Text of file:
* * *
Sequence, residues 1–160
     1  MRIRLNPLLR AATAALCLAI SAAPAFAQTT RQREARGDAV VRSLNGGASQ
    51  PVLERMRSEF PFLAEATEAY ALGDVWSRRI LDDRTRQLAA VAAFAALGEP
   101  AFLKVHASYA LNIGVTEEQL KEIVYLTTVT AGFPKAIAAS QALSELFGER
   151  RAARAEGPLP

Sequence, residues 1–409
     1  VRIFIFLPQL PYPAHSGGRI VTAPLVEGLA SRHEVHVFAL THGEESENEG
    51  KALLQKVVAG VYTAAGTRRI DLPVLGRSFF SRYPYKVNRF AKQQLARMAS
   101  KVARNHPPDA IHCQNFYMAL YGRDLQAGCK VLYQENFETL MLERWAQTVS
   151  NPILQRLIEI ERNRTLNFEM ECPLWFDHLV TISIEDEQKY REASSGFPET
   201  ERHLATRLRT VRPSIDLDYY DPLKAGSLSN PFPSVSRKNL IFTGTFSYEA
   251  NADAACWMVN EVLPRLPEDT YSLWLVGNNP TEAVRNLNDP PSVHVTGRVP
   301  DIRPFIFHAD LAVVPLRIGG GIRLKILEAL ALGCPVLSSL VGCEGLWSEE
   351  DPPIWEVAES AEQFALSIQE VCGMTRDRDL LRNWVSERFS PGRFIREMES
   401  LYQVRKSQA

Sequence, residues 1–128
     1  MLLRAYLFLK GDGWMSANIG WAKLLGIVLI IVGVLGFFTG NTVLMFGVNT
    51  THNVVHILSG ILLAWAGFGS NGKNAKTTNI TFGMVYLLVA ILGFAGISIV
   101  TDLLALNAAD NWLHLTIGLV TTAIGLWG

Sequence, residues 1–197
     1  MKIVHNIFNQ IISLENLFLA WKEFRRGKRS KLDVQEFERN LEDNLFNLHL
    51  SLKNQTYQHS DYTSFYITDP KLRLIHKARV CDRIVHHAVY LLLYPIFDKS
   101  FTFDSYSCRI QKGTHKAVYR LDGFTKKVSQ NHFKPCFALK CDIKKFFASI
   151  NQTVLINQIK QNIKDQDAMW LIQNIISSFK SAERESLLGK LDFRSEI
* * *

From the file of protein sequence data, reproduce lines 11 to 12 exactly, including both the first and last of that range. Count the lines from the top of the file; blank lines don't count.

   201  ERHLATRLRT VRPSIDLDYY DPLKAGSLSN PFPSVSRKNL IFTGTFSYEA
   251  NADAACWMVN EVLPRLPEDT YSLWLVGNNP TEAVRNLNDP PSVHVTGRVP